Motorboat & Yachting - - CONTENTS - Jack Haines

TESTED A pricey pack­age but the 850 is beau­ti­fully made and se­ri­ously ca­pa­ble

LOA 27ft 9in (8.5m) BEAM 10ft 8in (3.3m) DRAUGHT 2ft 8in (0.85m) DIS­PLACE­MENT 4.5 tonnes TEST EN­GINES Twin Volvo Penta D3 225hp TOP SPEED 26 knots CON­SUMP­TION AT 20 KNOTS 60lph PRICE FROM £215,240 inc VAT PRICE AS TESTED £270,000 inc VAT CON­TACT Marco Marine. Tel: +44 (0) 2380 453245 www.rhe­aboats.co.uk

Of all the boats I tested last year the 730 Timonier is one that I re­mem­ber with fond­ness. We took it into the So­lent and bat­tled a stiff west­erly against an op­pos­ing tide and though it threw wa­ter over the wheel­house with un­bri­dled aban­don the way it plugged on through the white horses left a last­ing im­pres­sion. Its hon­est, work­boat at­ti­tude to sea­keep­ing teamed with top-notch de­tail­ing make it a unique propo­si­tion so surely its larger sib­ling, the 850, is go­ing to be even more re­ward­ing?

The prin­ci­ples are ex­actly the same: a ro­bust semi-dis­place­ment hull with sin­gle or twin diesel en­gines and a wheel­house that makes year-round, turn-key boat­ing a re­al­ity. The 850 is a boat that, once on board, im­me­di­ately feels big­ger than it is. There’s the heft to the board­ing gates, the chunk­i­ness to the deck gear, the depth and width of the sid­edecks and when was the last time you saw a 28ft boat with twin an­chor rollers?

Of course in com­par­i­son to a sportscruiser of an equiv­a­lent size the 850 lacks com­fort­able out­door liv­ing space and it’s not a boat to con­sider if you are in the mar­ket for a float­ing pa­tio. The cock­pit is rel­a­tively sparse but for fish­ing or car­ry­ing a standup pad­dle­board or kayak the cock­pit and sid­edecks are ideal. You can load it up with fish­ing gear and wa­ter­sports equip­ment, head out for the day and then just hose ev­ery­thing off when you get back – a true SUV of the sea. There’s a nod to com­fort in our test boat’s cock­pit thanks to a set of flip-up benches, which with some cush­ions would be per­fectly com­fort­able for a quick lunch.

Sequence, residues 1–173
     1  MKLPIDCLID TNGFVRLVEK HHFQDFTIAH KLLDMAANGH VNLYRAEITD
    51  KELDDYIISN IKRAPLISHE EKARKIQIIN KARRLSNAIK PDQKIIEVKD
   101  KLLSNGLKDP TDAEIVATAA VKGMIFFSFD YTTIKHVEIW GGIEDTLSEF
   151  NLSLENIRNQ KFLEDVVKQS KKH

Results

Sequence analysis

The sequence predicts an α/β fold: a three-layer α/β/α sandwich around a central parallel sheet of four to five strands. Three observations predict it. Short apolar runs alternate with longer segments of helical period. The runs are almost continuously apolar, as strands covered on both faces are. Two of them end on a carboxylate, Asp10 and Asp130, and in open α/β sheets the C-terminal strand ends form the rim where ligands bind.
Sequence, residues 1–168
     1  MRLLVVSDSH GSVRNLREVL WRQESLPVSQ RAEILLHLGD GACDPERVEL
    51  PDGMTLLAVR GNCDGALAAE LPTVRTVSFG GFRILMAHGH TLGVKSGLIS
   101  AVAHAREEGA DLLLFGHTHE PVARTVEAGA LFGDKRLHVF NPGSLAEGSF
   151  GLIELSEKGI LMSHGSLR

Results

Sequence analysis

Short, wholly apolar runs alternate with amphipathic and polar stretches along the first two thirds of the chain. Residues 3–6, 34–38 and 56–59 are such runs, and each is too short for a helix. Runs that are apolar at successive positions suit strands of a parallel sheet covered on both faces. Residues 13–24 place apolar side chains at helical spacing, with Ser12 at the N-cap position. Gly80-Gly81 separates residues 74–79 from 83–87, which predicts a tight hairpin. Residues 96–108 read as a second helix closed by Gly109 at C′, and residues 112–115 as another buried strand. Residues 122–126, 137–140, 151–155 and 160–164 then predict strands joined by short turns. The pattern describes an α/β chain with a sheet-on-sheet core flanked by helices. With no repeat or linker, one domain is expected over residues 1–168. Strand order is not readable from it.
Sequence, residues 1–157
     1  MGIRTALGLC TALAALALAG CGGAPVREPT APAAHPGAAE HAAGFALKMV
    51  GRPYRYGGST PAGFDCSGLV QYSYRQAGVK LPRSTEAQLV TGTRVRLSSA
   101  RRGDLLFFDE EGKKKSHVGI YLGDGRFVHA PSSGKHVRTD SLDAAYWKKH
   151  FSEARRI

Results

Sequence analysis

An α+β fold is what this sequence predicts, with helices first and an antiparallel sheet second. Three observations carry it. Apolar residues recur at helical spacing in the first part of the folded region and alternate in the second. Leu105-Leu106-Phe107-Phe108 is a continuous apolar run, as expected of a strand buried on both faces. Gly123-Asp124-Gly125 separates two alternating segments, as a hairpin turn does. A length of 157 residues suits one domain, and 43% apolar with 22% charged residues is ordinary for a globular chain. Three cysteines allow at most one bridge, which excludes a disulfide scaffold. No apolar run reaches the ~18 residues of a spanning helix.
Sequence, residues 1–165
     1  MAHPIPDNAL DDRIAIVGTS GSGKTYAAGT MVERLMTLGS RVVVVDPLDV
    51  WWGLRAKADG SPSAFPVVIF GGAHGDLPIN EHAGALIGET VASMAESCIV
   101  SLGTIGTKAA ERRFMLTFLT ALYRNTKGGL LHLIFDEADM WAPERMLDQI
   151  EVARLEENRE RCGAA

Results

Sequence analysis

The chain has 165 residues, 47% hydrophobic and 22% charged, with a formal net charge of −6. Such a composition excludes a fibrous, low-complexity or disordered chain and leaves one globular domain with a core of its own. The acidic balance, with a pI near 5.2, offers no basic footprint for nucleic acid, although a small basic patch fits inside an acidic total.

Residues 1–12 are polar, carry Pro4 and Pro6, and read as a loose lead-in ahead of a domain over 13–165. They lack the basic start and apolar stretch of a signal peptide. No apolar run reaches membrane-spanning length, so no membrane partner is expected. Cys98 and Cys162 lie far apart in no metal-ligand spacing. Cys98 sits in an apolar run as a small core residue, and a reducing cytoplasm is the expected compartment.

Ma­chin­ery ac­cess is su­perb even if you opt for the twin-en­gine in­stal­la­tion. The huge hatch in the cock­pit rises on gas rams to re­veal a neat and tidy en­gine bay that makes daily ser­vice checks a breeze and more in­volved work has­sle-free too. Every­where you turn there is ev­i­dence that this is a boat de­signed by peo­ple who go boat­ing and ex­pect it to be used all year round. The wheel­house is key to this as it means even in the depths of win­ter you can dash to your favourite wa­ter­side hostelry with­out be­ing dressed up like an RNLI vol­un­teer.

The fin­ish is plain but it is un­de­ni­ably solid and the in­te­rior is as well thought out as the deck spa­ces. The com­pact gal­ley is packed with clever stor­age so­lu­tions, in­clud­ing a wine rack, and it’s es­pe­cially use­ful how the for­ward end of the dinette flips to cre­ate a for­ward-fac­ing bench to sup­ple­ment the sin­gle helm seat.

As an op­tion you can have an­other side door on the port side, some­thing we would rec­om­mend to make ac­cess in and out of the wheel­house even eas­ier.

A cen­tral com­pan­ion­way leads down to the cabin where two sin­gle berths meet at the for­ward end, split by a cen­tral pas­sage. Though this means a cou­ple will be sleep­ing apart, this ar­range­ment makes get­ting in and out of the berths far eas­ier than if it were a big dou­ble, even if the port berth is short­ened slightly by the bath­room unit. The bath­room has full stand­ing head­room for some­one of 6ft but there isn’t a sep­a­rate shower cu­bi­cle.

There is a whole raft of sin­gle and twin diesel op­tions from a host of dif­fer­ent man­u­fac­tur­ers but the twin Volvo Penta D3 220s we had on test are a sweet part­ner­ship. De­spite the sen­si­ble looks the 850 skips up to speed in a heart­beat and charges up to a top speed of 26 knots, where it’s con­sum­ing around 100lph. Drop back to 17 knots, where the boat feels most com­fort­able, and the en­gines are con­sum­ing al­most half of that. It is a lit­tle noisy, though, with sound lev­els reg­is­ter­ing at over 80 DB(A) in the sa­loon even with the doors closed. There’s noth­ing wrong with the way the hull goes through the wa­ter mind, it just eats up the chop and bar­rels along gamely. It is an easy boat to drive with very lit­tle to dis­tract the skip­per from do­ing so. The helm is sim­ple and clear, sight­lines are good and there aren’t even any trim tabs to think about. Sim­ply set the throt­tles at the most com­fort­able speed for the con­di­tions and let the boat get on with it. For close-quar­ters work – even with twin en­gines – I would spec­ify the bowthruster to give fine touches of con­trol when com­ing along­side.

You could ar­gue that the 850 is short on crea­ture com­forts and ex­pen­sive for what it is but as soon as you come into con­tact with it and get it out to sea it’s clear where the money is be­ing spent. You have to re­mind your­self that it is just 28ft long yet it is a gen­uinely ca­pa­ble, ever­green cruis­ing boat that few at this size can com­pete with.

The 850 Timonier bar­relled non­cha­lantly through the chop

HELM Th e sim­ple helm set- up en­joys good sight­lines and a slid­ing side door

L E F T Volva Penta D3 220s made light work of the heavy lift­ing but were a lit­tle too audi­ble RIGHT Twin an­chor rollers hint at the 850’s tough na­ture

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